The Lost Art of Dress: The Women Who Once Made America Stylish
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As historian and expert dressmaker Linda Przybyszewski reveals in The Lost Art of Dress, it wasn’t always like this. In the first half of the twentieth century, a remarkable group of women—the so-called Dress Doctors—taught American women how to stretch each yard of fabric and dress well on a budget. Knowledge not money, they insisted, is the key to timeless fashion. Based in Home Economics departments across the country, the Dress Doctors offered advice on radio shows, at women’s clubs, and in magazines. Millions of young girls read their books in school and at 4-H clothing clubs. As Przybyszewski shows, the Dress Doctors’ concerns weren’t purely superficial: they prized practicality, and empowered women to design and make clothing for both the workplace and the home. They championed skirts that would allow women to move about freely and campaigned against impractical and painful shoes. Armed with the Dress Doctors’ simple design principles—harmony, proportion, balance, rhythm, emphasis—modern American women from all classes could learn to dress for all occasions in a way that made them confident, engaged members of society.
A captivating and beautifully-illustrated look at the world of the Dress Doctors, The Lost Art of Dress introduces a new audience to their timeless rules of fashion and beauty—rules which, with a little help, we can certainly learn again.
Ruskin and Morris preached that the hand (the worker) and the head (the designer) should be one and the same person. Morris lived what he preached. He mastered many hand techniques before he set to designing tapestries and fabrics in his workshop. Yet, as with so many movements started by men to free the world from some oppression, the Arts and Crafts movement did not do much to free women. Women were not really welcomed as designers; they were usually set to work making products designed by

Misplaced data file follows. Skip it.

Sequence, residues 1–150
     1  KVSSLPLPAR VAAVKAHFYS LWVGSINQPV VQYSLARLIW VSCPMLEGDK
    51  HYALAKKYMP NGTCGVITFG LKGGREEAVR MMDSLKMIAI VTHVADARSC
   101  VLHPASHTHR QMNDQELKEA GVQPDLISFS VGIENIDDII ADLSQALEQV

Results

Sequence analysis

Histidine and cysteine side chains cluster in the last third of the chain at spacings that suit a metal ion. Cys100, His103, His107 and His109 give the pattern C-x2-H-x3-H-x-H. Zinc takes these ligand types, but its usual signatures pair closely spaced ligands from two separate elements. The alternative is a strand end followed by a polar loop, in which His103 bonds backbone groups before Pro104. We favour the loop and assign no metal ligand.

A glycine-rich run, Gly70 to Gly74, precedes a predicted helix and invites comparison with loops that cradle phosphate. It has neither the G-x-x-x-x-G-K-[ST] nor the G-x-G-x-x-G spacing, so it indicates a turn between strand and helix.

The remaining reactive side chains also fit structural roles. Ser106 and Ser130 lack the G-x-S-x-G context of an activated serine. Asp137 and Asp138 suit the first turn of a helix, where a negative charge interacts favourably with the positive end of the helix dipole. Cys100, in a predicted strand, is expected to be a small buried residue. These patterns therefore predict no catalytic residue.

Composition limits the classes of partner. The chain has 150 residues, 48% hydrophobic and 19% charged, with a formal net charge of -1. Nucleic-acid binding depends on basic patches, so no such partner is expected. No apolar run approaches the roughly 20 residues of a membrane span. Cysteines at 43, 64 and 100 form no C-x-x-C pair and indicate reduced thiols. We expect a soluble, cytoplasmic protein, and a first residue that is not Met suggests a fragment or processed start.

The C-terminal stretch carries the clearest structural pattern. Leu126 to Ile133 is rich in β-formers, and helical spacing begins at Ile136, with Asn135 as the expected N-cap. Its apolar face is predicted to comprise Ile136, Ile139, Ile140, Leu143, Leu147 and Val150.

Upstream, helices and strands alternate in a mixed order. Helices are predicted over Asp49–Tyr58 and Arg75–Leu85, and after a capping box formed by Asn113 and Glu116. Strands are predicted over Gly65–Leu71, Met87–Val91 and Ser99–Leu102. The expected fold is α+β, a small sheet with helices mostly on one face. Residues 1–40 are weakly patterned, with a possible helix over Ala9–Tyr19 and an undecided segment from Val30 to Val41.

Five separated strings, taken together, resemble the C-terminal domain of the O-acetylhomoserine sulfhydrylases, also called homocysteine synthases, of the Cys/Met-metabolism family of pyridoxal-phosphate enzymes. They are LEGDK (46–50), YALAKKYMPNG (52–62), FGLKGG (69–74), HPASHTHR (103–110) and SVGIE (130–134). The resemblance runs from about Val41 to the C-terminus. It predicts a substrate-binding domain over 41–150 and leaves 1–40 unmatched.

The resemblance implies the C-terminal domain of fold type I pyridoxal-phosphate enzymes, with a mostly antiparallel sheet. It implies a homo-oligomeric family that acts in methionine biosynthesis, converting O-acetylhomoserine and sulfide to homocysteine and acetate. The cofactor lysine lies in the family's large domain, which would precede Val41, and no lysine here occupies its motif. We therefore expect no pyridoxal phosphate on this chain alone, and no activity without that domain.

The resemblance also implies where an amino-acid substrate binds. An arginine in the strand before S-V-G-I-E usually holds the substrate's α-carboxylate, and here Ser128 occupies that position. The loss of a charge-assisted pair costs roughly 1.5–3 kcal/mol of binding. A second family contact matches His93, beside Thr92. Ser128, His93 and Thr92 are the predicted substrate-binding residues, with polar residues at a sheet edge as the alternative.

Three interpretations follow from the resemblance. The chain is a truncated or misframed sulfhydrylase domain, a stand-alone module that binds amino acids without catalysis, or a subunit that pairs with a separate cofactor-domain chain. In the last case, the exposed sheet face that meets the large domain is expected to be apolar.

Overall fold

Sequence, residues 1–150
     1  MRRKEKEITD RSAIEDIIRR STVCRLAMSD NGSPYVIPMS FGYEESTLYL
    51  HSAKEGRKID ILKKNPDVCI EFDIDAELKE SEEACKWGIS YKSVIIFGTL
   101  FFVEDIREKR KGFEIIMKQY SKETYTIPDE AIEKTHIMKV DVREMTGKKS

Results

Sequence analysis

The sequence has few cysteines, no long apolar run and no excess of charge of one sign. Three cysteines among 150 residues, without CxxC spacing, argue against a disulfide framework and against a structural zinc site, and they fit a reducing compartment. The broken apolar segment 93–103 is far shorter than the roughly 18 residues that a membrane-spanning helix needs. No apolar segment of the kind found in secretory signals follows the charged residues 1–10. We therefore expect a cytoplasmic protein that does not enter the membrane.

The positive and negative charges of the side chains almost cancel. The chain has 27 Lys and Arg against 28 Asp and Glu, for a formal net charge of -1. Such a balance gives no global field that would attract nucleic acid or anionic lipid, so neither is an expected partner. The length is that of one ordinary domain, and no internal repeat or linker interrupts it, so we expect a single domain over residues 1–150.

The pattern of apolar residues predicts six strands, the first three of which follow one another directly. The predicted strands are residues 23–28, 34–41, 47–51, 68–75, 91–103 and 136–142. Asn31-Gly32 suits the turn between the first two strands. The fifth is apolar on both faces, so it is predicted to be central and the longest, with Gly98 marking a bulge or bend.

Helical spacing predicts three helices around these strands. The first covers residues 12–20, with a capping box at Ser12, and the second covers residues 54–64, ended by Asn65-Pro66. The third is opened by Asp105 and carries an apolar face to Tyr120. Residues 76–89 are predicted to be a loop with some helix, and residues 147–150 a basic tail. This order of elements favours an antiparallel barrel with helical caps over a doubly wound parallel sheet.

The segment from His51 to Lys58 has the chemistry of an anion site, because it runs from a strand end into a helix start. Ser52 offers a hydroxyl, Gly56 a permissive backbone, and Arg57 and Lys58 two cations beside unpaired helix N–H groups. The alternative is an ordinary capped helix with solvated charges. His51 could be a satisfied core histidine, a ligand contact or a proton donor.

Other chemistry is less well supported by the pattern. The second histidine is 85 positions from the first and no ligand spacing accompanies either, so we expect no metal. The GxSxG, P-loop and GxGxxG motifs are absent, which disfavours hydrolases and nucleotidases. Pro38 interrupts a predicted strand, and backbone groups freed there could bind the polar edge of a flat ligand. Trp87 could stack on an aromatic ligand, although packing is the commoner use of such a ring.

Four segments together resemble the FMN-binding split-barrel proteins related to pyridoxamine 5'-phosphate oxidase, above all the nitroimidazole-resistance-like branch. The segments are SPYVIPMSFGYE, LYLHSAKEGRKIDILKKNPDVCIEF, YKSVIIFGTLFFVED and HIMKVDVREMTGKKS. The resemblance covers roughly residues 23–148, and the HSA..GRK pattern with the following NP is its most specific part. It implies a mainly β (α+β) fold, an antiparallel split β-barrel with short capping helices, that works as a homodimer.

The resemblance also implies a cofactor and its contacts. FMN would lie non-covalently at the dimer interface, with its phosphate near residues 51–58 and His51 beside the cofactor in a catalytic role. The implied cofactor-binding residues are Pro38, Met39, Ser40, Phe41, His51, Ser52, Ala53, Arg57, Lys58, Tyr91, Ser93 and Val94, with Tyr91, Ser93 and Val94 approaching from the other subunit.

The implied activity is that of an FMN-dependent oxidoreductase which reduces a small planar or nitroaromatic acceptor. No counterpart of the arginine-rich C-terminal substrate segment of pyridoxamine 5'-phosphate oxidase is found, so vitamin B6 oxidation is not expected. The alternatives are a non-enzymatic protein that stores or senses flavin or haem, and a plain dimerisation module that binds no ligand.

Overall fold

solid with a print if you would like people to listen to what you have to say.130 9780465036714-text.indd 73 2/10/14 1:37 PM 74 the lost art of dress We are often more aware of the burdens of beauty than its pleasures. A dress book from 1913 tells us, “It is woman’s duty to be as beautiful as possible.” That dutiful strain became even louder in American culture as the beauty industry invented itself in the early twentieth century in order to sell us all kinds of supposedly magic potions.
figuratively (solid color with polka-dot trim) than her unemployable counterpart. Her skirt flared enough to let 9780465036714-text.indd 99 2/10/14 1:37 PM 100 the lost art of dress her stride freely. Her sleeves flared, too, so that her arms were not constrained. Her practical hat shielded her eyes from the sun and also harmonized with the solid color of her dress and the print of her tie and belt. Her clothes revealed more than a man’s suit would have in 1936—he would have been in
of their enormous hats. But the Dress Doctors were just as happy to see humbler fabrics, washable cotton ginghams and cotton piqués, in dresses with matching jackets, for women in the spectator stands. Again, a hat with a brim is a must to shade us from the sun. The burnt faces of today’s crowds at a ball game prove that the Dress Doctors’ prescription was a wise choice.91 The end of the workday! Off with those tailored dresses and sober colors! Off with cottons and tub silks! It is time for
conducted more than 91,000 demonstrations on clothing and sewing across the country. The farm girls who saw the demonstrations then went home and made more than 231,000 projects. Their mothers knew how to sew, but extension teachers still had some tricks to show them, and well over 175,000 women came to watch. Agents offered clothing clinics where farmwomen could bring in old coats and dresses to make over or cut down into children’s wear. The USDA estimated that it saved rural women and girls